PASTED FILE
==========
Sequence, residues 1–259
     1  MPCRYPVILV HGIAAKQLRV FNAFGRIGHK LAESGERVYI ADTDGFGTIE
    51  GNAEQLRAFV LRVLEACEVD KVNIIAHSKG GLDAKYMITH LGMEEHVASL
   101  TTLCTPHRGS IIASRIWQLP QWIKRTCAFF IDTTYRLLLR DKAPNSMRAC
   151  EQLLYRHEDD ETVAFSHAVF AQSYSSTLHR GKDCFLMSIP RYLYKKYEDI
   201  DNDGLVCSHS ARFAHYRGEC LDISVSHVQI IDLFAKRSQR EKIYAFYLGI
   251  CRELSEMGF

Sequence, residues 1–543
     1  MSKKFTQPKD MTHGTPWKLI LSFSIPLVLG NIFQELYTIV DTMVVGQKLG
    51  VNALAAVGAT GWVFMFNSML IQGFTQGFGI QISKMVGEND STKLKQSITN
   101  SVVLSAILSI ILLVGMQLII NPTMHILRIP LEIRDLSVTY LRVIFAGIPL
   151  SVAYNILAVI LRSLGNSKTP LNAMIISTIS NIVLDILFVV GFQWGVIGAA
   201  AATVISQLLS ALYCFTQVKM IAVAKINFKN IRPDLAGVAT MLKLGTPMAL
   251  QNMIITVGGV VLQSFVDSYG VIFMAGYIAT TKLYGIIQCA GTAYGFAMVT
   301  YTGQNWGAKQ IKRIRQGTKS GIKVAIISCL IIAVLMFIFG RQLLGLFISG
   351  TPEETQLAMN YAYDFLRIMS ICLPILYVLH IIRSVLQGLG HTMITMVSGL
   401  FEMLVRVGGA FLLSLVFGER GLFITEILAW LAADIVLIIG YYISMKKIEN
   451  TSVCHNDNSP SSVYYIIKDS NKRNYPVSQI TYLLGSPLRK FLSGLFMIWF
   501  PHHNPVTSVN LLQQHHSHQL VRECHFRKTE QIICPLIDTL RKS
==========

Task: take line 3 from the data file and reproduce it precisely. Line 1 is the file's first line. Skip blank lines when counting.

    51  GNAEQLRAFV LRVLEACEVD KVNIIAHSKG GLDAKYMITH LGMEEHVASL